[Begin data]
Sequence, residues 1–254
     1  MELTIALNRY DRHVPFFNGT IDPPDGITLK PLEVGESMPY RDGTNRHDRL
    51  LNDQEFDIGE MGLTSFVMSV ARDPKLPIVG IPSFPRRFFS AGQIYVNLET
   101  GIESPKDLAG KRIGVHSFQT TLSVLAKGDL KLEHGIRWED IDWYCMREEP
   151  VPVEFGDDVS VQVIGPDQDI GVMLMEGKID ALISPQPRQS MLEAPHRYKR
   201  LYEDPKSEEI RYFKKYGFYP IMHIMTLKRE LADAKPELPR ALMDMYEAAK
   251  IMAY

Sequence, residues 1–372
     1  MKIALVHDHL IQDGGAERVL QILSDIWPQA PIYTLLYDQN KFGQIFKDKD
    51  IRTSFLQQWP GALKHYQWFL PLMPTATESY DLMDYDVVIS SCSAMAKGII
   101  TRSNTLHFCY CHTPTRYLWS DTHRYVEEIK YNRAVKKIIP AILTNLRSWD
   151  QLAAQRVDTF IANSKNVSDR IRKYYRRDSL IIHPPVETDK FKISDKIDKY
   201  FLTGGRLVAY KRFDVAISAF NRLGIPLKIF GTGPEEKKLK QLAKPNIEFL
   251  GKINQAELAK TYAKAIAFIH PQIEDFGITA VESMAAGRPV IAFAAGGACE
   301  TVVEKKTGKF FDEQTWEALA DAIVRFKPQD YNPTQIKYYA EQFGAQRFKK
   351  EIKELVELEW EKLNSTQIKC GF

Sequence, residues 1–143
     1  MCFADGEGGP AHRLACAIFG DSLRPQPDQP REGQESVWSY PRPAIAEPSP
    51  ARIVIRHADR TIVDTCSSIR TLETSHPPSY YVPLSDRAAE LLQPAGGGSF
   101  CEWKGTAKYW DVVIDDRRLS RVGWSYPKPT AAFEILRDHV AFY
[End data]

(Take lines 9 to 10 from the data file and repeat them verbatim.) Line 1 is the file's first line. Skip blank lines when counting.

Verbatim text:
     1  MKIALVHDHL IQDGGAERVL QILSDIWPQA PIYTLLYDQN KFGQIFKDKD
    51  IRTSFLQQWP GALKHYQWFL PLMPTATESY DLMDYDVVIS SCSAMAKGII